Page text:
Imprimatur and the brimstone of the media

The reaction to the Casey Anthony decision has got me thinking.  While there is most certainly a clear purpose for freedom of the press in a democratic society, where is the current balance on what ought to be broadcast or published?  Facebook is full of condemnation for this woman from people who did not hear evidence presented in the court, did not sit on the jury, and most importantly did not hold her life in their hands.  I would use the phrase "armchair quarterback" here if it did not utterly over-trivialize the discussion.

There is certainly cause for some local media stories to have the national media spotlight, but this one does not rise to that level.  Her fate is not connected in any meaningful way to our own.  She did not enjoy any previous celebrity.  She is in our collective conscience only due to sensation of her alleged crime.  In this case the "isn't it awful" sensation is the nearly unavoidable human instinct to witness pathos.  It is the same concept of our inability to turn away from car accidents, or to wince and look on when a vampire bites.   The truth is Casey Anthony's story ought not to have caught our attention, but we simply cannot help ourselves.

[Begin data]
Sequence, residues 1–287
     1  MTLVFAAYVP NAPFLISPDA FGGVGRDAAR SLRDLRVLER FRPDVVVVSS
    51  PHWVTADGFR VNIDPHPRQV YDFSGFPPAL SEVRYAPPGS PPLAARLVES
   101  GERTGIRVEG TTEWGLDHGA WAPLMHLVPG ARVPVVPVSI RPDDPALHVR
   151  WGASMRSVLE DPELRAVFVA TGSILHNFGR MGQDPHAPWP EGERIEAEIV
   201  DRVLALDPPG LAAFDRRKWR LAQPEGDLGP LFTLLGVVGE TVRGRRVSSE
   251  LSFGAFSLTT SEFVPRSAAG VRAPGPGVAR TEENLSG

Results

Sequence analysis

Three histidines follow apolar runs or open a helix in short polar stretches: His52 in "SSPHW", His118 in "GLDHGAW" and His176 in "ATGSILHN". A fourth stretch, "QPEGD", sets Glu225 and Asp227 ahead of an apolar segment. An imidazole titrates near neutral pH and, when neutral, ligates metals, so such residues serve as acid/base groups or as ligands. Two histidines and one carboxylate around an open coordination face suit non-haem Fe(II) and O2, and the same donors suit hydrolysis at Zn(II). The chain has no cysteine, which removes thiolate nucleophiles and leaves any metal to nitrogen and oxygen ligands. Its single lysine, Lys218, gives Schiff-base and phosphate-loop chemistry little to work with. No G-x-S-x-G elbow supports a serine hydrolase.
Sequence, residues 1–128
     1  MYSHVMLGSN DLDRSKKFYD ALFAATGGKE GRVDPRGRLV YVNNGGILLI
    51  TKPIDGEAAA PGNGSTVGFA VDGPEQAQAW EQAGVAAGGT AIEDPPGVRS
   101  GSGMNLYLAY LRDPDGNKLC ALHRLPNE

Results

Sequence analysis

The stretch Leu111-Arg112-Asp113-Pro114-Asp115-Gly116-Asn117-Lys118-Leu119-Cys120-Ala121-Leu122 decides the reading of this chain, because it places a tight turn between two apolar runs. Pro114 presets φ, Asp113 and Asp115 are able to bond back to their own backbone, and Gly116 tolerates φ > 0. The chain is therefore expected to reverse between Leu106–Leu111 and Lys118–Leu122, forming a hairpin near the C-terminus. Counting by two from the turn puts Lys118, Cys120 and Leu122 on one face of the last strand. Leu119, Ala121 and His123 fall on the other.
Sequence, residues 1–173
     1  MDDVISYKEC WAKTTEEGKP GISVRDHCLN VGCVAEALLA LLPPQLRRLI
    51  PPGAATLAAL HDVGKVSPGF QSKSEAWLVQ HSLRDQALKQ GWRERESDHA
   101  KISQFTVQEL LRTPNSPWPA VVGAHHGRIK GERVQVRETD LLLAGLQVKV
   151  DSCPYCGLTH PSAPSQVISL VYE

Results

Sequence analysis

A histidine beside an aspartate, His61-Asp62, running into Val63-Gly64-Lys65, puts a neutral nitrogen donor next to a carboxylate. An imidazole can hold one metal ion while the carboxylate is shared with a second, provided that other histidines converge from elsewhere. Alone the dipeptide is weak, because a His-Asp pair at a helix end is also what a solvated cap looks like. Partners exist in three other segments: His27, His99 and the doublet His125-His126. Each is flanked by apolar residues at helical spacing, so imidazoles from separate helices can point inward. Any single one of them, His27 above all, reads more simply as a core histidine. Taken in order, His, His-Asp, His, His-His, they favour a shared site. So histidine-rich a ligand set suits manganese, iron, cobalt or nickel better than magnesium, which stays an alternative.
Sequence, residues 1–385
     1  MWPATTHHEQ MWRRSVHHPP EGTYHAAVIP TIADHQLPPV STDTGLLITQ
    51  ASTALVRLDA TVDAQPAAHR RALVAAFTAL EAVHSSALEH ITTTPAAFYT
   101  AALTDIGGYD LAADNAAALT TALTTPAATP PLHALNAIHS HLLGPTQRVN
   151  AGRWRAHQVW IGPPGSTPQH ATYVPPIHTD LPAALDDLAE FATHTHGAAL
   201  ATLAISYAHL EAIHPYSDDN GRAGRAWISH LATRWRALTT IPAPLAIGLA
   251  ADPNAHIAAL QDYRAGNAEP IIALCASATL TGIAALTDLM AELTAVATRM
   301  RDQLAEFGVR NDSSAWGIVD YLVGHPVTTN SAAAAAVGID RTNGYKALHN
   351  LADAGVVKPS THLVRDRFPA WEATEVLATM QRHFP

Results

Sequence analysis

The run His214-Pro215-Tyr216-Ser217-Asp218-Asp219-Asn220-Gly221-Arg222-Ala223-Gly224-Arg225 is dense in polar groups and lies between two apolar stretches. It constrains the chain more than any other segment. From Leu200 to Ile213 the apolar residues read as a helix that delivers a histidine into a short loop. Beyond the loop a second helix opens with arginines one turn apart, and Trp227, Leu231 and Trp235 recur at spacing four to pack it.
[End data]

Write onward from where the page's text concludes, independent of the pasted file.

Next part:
As a writer who can create and control not only the characterizations of my creations, but also the actual behavior of the characters themselves, I have to struggle to avoid the injecting pathos for its own sake.  I am not writing of vampire strikes, rather I strive to write of realistic characters who live through extraordinary events.  It would benefit us all if news producers and the chattering heads on television picked up those character notes for the very real people they choose to cover with the blistering disfigurement ray they call a spotlight.

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